The recently released FT report on US Innovative Lawyers 2012 points to two ways large law firms can compete for business. 

Innovation in law practice is one. About this the FT observes that

“[m]ost of the top US law firms have similar strategies – to focus on retaining premium work and to avoid commoditisation. To achieve this, they need continually to prove that they are ideal for handling complex, high-value matters.”

It seems obvious that few firms can carve out the “premium” position.

Innovation in service delivery and client value is a second way, what the FT calls the ‘business of law’. In my view, this will determine who wins the vast middle ground of “bread and butter” legal work that lies between premium and commodity.

The Business of Law awards go to many familiar innovators, for example, Axiom’s Managed Service business, Littler’s CaseSmart, Crowell’s project management, and Seyfarth’s Lean. For my tech-focused readers, I have bad news: searching the PDF of all award articles for ‘technology’ and ‘software’ yields nothing new or surprising.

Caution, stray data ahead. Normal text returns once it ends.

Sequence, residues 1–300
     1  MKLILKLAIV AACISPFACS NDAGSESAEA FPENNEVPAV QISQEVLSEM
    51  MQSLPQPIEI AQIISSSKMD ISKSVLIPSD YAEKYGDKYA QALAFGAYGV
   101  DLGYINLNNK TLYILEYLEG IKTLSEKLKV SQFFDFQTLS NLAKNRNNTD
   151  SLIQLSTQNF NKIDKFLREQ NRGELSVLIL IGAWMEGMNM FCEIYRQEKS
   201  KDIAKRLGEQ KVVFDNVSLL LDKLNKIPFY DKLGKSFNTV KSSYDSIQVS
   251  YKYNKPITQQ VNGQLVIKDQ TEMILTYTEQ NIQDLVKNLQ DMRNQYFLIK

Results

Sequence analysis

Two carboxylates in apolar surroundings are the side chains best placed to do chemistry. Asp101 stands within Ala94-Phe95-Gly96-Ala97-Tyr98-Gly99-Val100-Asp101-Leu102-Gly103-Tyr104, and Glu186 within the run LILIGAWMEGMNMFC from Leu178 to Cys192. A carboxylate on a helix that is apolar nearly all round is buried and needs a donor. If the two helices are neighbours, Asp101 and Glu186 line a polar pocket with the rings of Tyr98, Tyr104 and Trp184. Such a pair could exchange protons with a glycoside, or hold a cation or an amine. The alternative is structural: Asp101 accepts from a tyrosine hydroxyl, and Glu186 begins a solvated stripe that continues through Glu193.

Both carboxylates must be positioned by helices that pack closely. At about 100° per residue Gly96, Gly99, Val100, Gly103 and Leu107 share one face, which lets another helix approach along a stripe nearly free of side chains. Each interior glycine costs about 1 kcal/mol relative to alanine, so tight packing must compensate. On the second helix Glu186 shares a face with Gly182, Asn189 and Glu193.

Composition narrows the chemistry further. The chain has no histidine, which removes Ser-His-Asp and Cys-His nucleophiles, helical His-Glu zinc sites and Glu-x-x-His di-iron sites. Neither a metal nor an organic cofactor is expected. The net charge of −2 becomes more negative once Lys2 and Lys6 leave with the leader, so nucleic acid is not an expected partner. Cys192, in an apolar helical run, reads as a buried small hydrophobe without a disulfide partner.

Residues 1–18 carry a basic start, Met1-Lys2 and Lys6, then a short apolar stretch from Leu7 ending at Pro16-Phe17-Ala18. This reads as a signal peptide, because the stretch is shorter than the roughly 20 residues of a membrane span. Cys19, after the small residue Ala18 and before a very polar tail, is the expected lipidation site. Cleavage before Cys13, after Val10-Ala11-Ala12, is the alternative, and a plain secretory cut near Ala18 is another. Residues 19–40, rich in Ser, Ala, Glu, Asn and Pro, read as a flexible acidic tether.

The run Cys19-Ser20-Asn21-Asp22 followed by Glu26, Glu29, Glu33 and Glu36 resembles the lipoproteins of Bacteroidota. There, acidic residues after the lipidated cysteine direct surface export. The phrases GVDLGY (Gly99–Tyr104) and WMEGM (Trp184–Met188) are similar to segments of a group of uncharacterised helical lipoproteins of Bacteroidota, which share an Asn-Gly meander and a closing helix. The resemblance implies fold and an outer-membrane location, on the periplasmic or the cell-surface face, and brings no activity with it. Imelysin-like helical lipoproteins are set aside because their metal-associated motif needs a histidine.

The FT US managing director offers what I consider an explanation for limited action on the thin Business of Law front. He writes

“while the US legal profession is, moving into the 21st century in how it communicates with clients, the report suggests that, in terms of process innovation, US firms lag behind those in the UK. While there are the beginnings of change, relatively few top firms have tackled seriously their hourly fee models, despite the increasingly vociferous demands of clients.”

Firms need not choose one way over the other. To out-innovate in law practice, however, they must win the talent battle. Ensconced incumbents have the advantage here. To out-innovate on service delivery and value, in contrast, requires only imagination and will. Yet that could be a big constraint, as the closing words of the introductory article suggest:

“The question for the US legal profession is whether the financial crisis is a turning point similar to that facing Sears, the department store, in the 1980s when it failed to read the implications of discount retailing for its core business.
All the chairmen of the top firms talk about change and the need to ‘not fight the last war’. And yet at the same time they cannot, they say, see their firms being all that different in five years’ time.”

The market remains wide open for firms with imagination and the will to win a bigger share of bread and butter work. And I expect technology and software will play a big role, in spite of its conspicuous absence from this report.